Western Coordination Group
In September 1997 a range of Western NSW organisations interested in regional economic development came together to consider ways in which they could work together and share information. This became the "Western Coordination Group", which met quarterly to discuss significant projects and issues of interest to the three western regions of NSW: Far West, Orana and Central West. At its meeting in February 1998 the Group resolved to support the creation of a "Western Research Institute" (WRI), dedicated to research and analysis aimed at developing the Western NSW economy.
The Group concluded that the existing provision of general economic information and data for Western NSW was inadequate and disjointed. While many organisations and businesses were commissioning research of various kinds, considerable duplication and over lap existed due to the range of research organisations being commissioned, many from outside the region.
Contributing to this confusion was the absence of readily available information on what research had been conducted in the past, and where it was held. A sub-committee was established to progress negotiations with various government and other organisations that eventually formed the nucleus of an interim Council of Management for the Western Research Institute. Mr Max Hanrahan, who also chaired the Western Coordination Group and the Central Western Regional Development Board, was appointed as chair of this Council.
Western NSW already had a number of private and public organisations conducting economic related research, including two universities (Charles Sturt University and Orange Agricultural College - The University of Sydney) and several government departments including the Land Information Centre and NSW Agriculture.
Charles Sturt University had created a specific "Regional Economic Research Unit" (RERU) headed by Mr Tom Murphy, with a growing reputation for quality economic research related to regional development. The Western Coordination Group felt however that more needed to be done to focus and enhance this research activity and link it more closely to the development needs of Western NSW. It was concluded that this could best be done by creating an independent research organisation which could draw on, and enter into partnerships with, existing academic and other bodies. Successful models of this approach operate in other regions: Hunter Valley Research Foundation; Illawarra Regional Information Service; Western Sydney Research Institute and; Centre for Australian Regional and Enterprise Development.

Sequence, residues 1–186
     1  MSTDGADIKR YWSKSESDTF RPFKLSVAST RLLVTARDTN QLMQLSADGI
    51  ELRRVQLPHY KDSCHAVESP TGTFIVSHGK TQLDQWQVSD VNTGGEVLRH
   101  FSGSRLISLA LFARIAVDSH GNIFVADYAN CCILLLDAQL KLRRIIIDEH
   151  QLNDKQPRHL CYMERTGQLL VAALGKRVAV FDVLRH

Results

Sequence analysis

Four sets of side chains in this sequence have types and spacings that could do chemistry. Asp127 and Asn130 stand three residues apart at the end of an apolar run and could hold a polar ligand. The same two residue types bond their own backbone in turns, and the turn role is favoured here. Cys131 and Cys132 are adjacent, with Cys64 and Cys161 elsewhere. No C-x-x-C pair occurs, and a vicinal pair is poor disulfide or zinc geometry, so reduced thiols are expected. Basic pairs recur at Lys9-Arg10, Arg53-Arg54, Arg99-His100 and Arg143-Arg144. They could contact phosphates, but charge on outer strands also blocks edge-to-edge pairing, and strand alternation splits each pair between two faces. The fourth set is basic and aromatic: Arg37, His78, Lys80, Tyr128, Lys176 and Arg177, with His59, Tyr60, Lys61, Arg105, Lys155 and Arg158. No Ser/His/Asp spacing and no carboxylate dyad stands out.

Western Research Institute (WRI)
Following negotiations with CSU, agreement was reached to locate the Western Research Institute at CSU's Bathurst campus,with CSU also contributing financially to the Institute's operations. The NSW Department of State and Regional Development (DSRD) and the Federal Department of Employment, Workplace Relations and Small Business (DEWRSB), had also provided government funding. Each of the three Regional Development Boards in Western NSW had contributed funds, and the three Area Consultative Committees (ACCs) were instrumental in securing a Federal Government grant.
The Western Research Institute was launched on 23 February 1999 at the Centre for Professional Development at Charles Sturt University. It attracted over 90 attendees from different sectors within the community. The general feeling at the launch was that the new facility would prove to be a major asset for those interested in the development of the Western NSW economy.
Since then, the WRI has completed approximately 220 projects for local government, state and federal government departments, agricultural industry organisations and regional businesses.